The American Foster Care System

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The American Foster Care System

What Is Foster Care?

Foster care, sometimes referred to as out-of-home care, is “a temporary service provided by States for children who cannot live with their families.” As a temporary arrangement, the ultimate goal of the American foster care system is reunification with family. In cases where that is not possible, the next best option is permanent placement in an adoptive home.

Children are sometimes fostered by relatives, or they may be placed with unrelated foster parents. These foster homes are subject to certain requirements while foster parents must undergo training and qualifications. All of the steps in the process of fostering are meant to ensure that children in foster care are placed in safe and nurturing environments.

The American foster care system is supported by the federal government, with much of the decision-making and management being done on state and local levels.

How Does Foster Care Work?

There are a variety of reasons why children may be put into foster care, but ultimately, this occurs when the children and/or their families are in crisis. This can be due to parents’ inability to care for their children, or it can be a result of child maltreatment. In 2020 alone, nearly 615,000 children experienced maltreatment.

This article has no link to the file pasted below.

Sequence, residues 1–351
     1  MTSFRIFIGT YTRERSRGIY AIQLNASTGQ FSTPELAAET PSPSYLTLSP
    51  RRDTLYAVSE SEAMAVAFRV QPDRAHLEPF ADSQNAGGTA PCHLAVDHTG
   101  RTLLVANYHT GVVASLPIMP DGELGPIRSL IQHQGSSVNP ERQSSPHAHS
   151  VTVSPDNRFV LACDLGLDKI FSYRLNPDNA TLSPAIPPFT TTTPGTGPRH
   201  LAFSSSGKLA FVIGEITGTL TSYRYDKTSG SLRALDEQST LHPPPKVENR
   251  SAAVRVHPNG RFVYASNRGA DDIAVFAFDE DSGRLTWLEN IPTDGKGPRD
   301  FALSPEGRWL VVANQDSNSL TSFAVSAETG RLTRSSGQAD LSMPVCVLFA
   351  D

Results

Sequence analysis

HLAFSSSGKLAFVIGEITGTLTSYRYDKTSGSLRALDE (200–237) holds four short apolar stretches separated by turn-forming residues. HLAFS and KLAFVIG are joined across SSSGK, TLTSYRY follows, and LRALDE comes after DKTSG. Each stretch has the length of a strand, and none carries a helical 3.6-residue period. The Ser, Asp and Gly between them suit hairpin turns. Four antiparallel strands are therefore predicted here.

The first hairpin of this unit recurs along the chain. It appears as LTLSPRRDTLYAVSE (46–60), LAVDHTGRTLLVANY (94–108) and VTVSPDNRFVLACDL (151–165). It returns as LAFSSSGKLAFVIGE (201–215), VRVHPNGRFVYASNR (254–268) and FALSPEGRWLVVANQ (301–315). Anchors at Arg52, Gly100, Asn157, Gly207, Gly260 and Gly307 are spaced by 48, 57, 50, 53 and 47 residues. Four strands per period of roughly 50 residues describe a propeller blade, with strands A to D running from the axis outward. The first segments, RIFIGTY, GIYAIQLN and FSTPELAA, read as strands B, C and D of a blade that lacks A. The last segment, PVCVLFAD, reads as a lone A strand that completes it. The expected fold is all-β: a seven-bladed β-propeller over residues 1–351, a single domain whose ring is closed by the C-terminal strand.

Whether being placed in foster care is a result of intentionally harmful circumstances or not, foster care is a traumatic experience for children. Being separated from their families and loved ones, normal routines, and familiar surroundings can engender mental health issues such as anxiety and depression. The mental health of children in foster care is therefore an important consideration.

Children’s situations in foster care are managed by caseworkers, who ensure children’s safety and see that their needs are met. A caseworker’s responsibilities can include:

  • Keeping kids in school
  • Obtaining medical care
  • Maintaining connections with family
  • Secur­ing sta­ble, long-term fam­i­ly sit­u­a­tions as soon as pos­si­ble

Children leave the foster care system in one of three ways: by reunification with family, adoption, or “aging out” upon turning 18.

Problems With Foster Care in America

While the US foster care system was designed with the best of intentions, there are nonetheless problems that plague it. American foster care is riddled with issues such as inadequate resources, mental health issues, and poor outcomes for many who age out of foster care. Here are a few statistics that highlight the crisis:

  • More than 420,000 children and youth are already in the foster care system.
  • 90% of these children will experience severe trauma.
  • 25% will attempt suicide.
  • Of the 23,000 young adults who age out each year, 97% of these young adults will immediately enter into chronic poverty.

Here at For Others, we’re a collective of change-makers working together to address the crisis plaguing our nation’s most vulnerable. Join us in the fight to solve the foster care crisis, and donate today to help restore lives!

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